What is PR

Most people have heard about public relations. But unless they’ve worked in the industry, they usually know nothing about the actual functions involved in what we call PR or ‘communications’ in some cases. It can be difficult to describe because PR means different things to different people. A government department will use it in a different way to a Hollywood celebrity. That leads to a variety of different definitions. But for an uncomplicated jargon-free description, ‘the function of managing a company or person’s communications with both internal and external stakeholders’ serves well. ‘Stakeholders’ is broad in this sense. It could refer to anyone from investors to employees, partners, or customers. And PR in its purest form is exactly that. What it means to your startup might be a little different though.

What PR means to startups

When we talk about PR in the business world, we’re most often referring to a company’s relations with ‘the media’. We’ll explain a little bit more about who the media are in our next post. But for now, let’s say the media include journalists and influencers.

PR involves handling both incoming and outgoing communications with the media. Sometimes journalists want to know things from companies. It’s a PR team’s job to handle their requests for information. It works in reverse too. Sometimes companies want journalists and influencers to know more about what they do. It’s the PR team’s job to communicate that information.

In this way, you can see how a PR team acts as a mediator between an organisation and the media. And through the media, an organisation can communicate with all the other stakeholders mentioned above.

Why startups should do PR?

You might ask yourself at this point: Well, do I really need to do PR? But in many ways, the answer has already been decided for you. Most startups try to disrupt markets with innovative ideas. People are interested in innovative ideas. At some point, if your company grows enough, someone will want to know more about your innovative idea. At some point, you’ll have to respond. That’s PR.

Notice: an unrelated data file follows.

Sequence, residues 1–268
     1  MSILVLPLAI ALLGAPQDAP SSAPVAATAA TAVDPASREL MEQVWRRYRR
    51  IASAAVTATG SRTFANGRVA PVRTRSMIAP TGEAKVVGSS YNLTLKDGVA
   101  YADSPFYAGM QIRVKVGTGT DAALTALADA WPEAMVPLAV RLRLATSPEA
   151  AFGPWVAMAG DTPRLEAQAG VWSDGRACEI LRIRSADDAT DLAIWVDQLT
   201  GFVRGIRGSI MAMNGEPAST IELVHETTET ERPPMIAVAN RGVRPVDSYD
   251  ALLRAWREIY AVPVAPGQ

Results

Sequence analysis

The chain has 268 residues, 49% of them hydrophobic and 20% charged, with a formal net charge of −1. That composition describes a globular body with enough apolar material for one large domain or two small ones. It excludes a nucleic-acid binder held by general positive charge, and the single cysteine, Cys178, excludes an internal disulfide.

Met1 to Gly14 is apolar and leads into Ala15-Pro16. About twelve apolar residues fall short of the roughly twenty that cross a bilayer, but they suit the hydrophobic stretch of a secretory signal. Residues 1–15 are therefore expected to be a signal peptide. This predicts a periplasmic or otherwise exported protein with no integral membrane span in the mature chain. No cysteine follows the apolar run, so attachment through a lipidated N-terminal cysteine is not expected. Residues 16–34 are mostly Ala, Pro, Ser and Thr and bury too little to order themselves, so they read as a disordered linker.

You might not want to wait until someone contacts you though. Active PR strategies can provide many benefits to a startup, like getting its name in a relevant magazine that potential investors might read. An investor might then see its name, research it, and choose to provide it with funding. That’s as good a reason as any to use PR as a tool for your startup, no matter how big it is. And we’ll explain more about how you can do that later in the series.

PR is also totally free for startups (assuming you’re not yet at the point of hiring an agency.) Bigger companies might have big marketing budgets that they can spend on billboard advertisements. Startups often don’t. But you can still achieve the same exposure without any financial investment by convincing journalists or influencers to mention your company on their platforms.

That’s not to say PR is a cheap alternative to advertising. Big companies use it too. And that’s in large part because PR allows you to benefit from another organisation’s reputation. People tend not to trust advertisements because they know the company that has paid for it can say whatever it likes. They trust unbiased third parties like newspapers more because of their perceived impartiality.

That impartiality means that the media might say something bad about your company too. And that’s another reason to do PR. Sometimes you’ll want to respond to bad news or criticism. Preparing for those situations and handling them well when they come around, which they will, can help to protect your company’s reputation. That will protect its success in the long term too.

People call PR many different things: reputation management, storytelling, persuasion. Most are true in some shape or form. Whatever you call it, it’s important to recognise that PR is and will be important to your company’s success in one way or another.